Another option is to have your life insurance written in trust. This can give you more control over how the payout should be used, and you could specify that you want some of the money put towards your funeral costs. If your life insurance is written in trust, the payout doesn’t need to wait for probate, so your beneficiaries will also get the money sooner.

Is there state help for funerals?

It’s possible to get help from the government with funeral costs. Usually, you need to be receiving certain benefits, normally at least one of the following:

  • Income Support
  • Income-based Jobseeker’s Allowance
  • Universal Credit
  • Child Tax Credit
  • Housing Benefit
  • Pension Credit
  • Working Tax Credits in relation to disabilities or severe disabilities

If you’re entitled to money from the estate of the person who’s died, your government payments will be deducted from the amount you receive. The estate includes any money or property they had, but not the home or personal possessions left to their spouse or civil partner.

The government’s Funeral Expenses Payment may contribute to the following:

  • Burial (including coffin) or cremation fees
  • Funeral director’s fees
  • Doctor’s certificate, death certificate or other documents
  • Moving the body more than 50 miles within the UK
  • Travel expenses

The Funeral Expenses Payment applies to England and Wales. If you live in Scotland, you can apply for a Funeral Support Payment.

It’s important to note that your payment doesn’t usually pay for funeral costs entirely, so do keep that in mind when making arrangements, to avoid any expensive surprises.

Keep your funeral plans and costs covered

If you genuinely prefer a simple funeral with very little fuss, make sure you share your funeral wishes with your family, so they don’t feel forced to fork out for all the bells and whistles.

Preferences you might want to think about:

  • Burial or cremation?
  • Where would you like to be buried or cremated?
  • Religious or, humanist ceremony or a direct funeral with no service at all?
  • Music, songs or hymns?
  • Flowers or donations to charity?
  • Transport, including a hearse and for family members
  • Would you like a headstone?
  • Type of coffin – simple or elaborate?
  • Readings, psalms or a favourite passage or poem?
  • Who should be invited, do any readings or carry the coffin?

With your funeral plans decided, you’ll need to decide how it’ll be paid for. Unfortunately, and perhaps strangely, dying is an expensive business. If you want to help take care of things and pay towards the cost of your own funeral, here are some things to think about:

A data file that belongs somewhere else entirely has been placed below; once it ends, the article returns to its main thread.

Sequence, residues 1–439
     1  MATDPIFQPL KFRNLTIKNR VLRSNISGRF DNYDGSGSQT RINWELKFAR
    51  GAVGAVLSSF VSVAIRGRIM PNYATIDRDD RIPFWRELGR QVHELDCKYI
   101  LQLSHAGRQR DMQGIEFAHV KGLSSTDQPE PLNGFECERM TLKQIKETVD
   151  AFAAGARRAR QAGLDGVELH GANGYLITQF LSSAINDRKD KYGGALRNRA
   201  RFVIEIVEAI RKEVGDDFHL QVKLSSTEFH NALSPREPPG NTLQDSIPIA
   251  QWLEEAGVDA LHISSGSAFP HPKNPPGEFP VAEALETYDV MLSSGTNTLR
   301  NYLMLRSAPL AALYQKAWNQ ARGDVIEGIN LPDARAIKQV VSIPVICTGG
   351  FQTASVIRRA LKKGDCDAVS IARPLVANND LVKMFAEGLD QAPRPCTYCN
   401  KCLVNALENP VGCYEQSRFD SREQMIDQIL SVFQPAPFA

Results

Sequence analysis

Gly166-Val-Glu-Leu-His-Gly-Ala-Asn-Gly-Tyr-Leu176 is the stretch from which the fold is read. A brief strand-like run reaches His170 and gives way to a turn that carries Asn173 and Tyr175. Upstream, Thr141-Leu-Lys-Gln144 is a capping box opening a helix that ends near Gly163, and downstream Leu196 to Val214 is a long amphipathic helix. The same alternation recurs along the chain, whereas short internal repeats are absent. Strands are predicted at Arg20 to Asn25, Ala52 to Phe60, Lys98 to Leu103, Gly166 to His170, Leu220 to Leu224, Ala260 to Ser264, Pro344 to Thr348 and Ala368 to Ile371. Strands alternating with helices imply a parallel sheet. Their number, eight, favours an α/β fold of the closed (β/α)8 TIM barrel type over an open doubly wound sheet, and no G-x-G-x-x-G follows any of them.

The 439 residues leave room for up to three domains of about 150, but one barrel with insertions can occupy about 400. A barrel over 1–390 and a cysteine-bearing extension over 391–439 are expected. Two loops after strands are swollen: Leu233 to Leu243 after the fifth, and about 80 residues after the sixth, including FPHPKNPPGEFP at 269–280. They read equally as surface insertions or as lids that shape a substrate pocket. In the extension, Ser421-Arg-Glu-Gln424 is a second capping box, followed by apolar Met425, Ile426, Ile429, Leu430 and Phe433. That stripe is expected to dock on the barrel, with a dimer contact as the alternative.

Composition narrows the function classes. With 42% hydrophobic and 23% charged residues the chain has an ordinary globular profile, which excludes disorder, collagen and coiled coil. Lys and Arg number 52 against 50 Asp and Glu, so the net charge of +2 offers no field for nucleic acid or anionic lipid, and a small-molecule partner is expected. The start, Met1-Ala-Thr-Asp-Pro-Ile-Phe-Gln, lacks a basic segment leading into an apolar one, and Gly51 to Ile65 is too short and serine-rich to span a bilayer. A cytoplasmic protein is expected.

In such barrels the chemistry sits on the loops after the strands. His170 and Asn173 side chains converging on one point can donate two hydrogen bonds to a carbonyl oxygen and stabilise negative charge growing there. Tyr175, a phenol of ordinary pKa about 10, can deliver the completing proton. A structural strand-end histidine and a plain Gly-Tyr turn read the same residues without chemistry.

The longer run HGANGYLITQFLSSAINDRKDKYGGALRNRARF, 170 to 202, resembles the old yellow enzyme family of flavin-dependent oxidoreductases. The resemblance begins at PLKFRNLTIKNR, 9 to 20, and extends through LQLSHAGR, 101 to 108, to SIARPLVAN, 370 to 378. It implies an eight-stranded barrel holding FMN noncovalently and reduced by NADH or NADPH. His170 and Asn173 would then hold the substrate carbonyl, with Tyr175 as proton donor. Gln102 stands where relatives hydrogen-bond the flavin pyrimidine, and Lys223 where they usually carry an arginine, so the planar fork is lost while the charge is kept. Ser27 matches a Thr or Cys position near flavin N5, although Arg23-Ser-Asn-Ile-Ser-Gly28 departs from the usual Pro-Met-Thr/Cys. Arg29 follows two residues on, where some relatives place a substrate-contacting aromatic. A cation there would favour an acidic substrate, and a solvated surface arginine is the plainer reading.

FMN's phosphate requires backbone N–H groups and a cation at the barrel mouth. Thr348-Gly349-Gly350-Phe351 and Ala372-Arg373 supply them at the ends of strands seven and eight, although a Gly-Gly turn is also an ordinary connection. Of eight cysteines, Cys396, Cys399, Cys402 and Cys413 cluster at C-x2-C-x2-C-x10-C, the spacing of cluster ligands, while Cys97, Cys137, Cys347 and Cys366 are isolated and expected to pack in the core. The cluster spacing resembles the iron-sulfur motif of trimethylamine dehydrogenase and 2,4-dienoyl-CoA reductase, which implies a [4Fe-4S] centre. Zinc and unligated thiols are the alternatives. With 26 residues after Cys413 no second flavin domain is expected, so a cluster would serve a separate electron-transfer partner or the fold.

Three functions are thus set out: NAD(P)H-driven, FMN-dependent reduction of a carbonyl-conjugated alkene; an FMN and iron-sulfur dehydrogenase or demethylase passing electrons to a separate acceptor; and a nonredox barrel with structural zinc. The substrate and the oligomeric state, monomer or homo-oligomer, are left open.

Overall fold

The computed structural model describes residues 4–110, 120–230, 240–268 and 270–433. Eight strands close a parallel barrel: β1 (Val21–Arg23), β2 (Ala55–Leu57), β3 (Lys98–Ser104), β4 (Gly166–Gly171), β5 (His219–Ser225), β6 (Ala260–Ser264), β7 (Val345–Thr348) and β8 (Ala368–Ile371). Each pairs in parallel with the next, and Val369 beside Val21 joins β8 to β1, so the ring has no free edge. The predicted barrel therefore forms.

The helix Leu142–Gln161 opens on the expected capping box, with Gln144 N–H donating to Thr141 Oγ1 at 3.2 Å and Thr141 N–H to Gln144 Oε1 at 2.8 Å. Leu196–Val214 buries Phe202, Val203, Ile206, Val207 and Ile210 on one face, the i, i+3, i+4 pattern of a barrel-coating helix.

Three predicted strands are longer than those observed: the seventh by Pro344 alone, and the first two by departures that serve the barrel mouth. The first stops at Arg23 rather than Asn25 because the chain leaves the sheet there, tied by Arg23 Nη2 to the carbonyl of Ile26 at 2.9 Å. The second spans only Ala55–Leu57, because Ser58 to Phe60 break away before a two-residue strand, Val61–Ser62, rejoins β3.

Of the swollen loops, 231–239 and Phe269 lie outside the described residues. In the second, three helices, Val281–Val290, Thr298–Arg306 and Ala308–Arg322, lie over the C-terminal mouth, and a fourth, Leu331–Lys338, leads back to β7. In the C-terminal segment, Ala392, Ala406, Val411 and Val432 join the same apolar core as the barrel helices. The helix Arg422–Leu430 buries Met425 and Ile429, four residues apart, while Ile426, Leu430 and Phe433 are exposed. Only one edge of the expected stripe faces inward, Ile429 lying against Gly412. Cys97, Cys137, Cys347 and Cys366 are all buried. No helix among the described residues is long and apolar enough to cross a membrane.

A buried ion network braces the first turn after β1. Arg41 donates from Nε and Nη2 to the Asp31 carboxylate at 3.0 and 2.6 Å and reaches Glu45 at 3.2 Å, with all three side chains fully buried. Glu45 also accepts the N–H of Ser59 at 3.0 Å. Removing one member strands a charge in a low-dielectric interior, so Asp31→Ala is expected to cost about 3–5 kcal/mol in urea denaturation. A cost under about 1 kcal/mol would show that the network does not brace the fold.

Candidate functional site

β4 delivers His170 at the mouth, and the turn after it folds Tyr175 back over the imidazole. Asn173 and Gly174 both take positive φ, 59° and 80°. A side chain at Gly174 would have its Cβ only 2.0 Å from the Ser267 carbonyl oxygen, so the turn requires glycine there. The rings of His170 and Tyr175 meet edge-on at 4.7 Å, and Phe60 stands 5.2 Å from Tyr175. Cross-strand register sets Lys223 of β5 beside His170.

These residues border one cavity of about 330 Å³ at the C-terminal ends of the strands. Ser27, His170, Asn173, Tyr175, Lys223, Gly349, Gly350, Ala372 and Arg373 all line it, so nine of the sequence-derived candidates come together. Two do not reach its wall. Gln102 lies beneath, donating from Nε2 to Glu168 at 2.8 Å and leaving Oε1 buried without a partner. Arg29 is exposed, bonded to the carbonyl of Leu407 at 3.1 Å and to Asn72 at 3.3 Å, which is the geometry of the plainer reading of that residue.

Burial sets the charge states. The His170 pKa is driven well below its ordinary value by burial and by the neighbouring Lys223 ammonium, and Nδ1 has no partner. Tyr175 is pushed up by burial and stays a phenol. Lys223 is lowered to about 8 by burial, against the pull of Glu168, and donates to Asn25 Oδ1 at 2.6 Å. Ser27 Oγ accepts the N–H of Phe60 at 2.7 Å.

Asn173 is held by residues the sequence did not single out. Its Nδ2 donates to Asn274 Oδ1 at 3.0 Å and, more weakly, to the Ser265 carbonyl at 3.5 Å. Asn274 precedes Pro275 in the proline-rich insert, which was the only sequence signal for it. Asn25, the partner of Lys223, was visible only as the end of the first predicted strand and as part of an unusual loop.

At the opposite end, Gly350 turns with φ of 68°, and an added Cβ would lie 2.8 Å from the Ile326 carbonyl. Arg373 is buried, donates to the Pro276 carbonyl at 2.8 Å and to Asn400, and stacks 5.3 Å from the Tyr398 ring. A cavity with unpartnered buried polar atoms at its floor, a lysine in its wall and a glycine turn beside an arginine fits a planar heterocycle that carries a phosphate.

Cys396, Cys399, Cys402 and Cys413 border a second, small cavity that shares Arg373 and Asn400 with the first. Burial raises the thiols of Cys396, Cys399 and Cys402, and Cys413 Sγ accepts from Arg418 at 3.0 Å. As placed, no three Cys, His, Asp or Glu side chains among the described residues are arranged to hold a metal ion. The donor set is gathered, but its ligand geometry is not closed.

• Weigh up how you can provide the money, from leaving savings, taking out a specific funeral plan or using life insurance
  • If you do opt for a prepaid funeral plan, compare policies and check the small print, so you understand what’s covered and what isn’t
  • If you opt for life cover, consider writing in the policy in trust, so any payout avoids inheritance tax and can be doled out before probate.
  • Keep any policy paperwork and documents setting out your final wishes in a safe place – and give copies to people close to you.
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Frequently asked questions

What is the disadvantage of funeral cover?

There are several disadvantages with funeral cover. Here are some things to consider:

  • Funeral plans often get more expensive as you get older. This is important to consider as you head towards retirement.
  • Depending on when you die, you could end up paying more into your funeral insurance plan than it pays out when you die.
  • Funeral insurance plans hold no cash value. This means, if you cancel the policy, you won’t get any of your money back.

How much does a funeral cost in the UK?

According to SunLife’s Cost of Dying Report 2022, the average cost of a funeral in the UK is £8,864**. This includes everything: the funeral itself, professional costs and the send-off. Even the most basic funeral is around £4,056 on average. 

**SunLife (2022), Cost of Dying Report

To work out how much a funeral could cost, now and in the future, our expert partners at Assured Futures have created a funeral calculator

Should I take out an over-50s plan to cover my funeral costs?

If you’re over 50, you might want to consider an over-50s life insurance policy to cover some or all of your funeral costs.

This type of life insurance doesn’t require a medical and it guarantees a small lump sum payment when you die. Just bear in mind that if you live a long and healthy life, you could end up paying more for the policy than the eventual payout.

Find out about the pros and cons of over-50s life insurance.

What if I take out a pre-paid funeral plan, then change my mind?

Most providers will give you a full refund if you cancel your plan within 30 days. After that, you may be charged a cancellation fee.

Will death in service benefit cover my funeral costs?

If you have death in service benefit as part of your employment package, your family should receive a tax-free lump sum payment if you die. Death in service is typically worth three to five times your annual salary. This could be used to cover your funeral costs.

However, unlike life insurance, your death in service cover ends if you leave your job. So, if you leave the company you work for or lose your job for some reason, your family will no longer receive a payout if you die.

Compare over 50s life insurance with funeral cover

Get a life insurance quote that includes funeral cover and start saving now. We don’t offer funeral cover as a standalone policy.

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Tim Knighton - Life, health and income protection insurance expert

"The fact that over 50s life insurance offers guaranteed acceptance is a huge benefit. You don’t need to worry about passing any health checks and you can make sure your beneficiaries are looked after. Just make sure that you plan for inflation, otherwise you might leave your loved ones short when they need" 

Learn more about Tim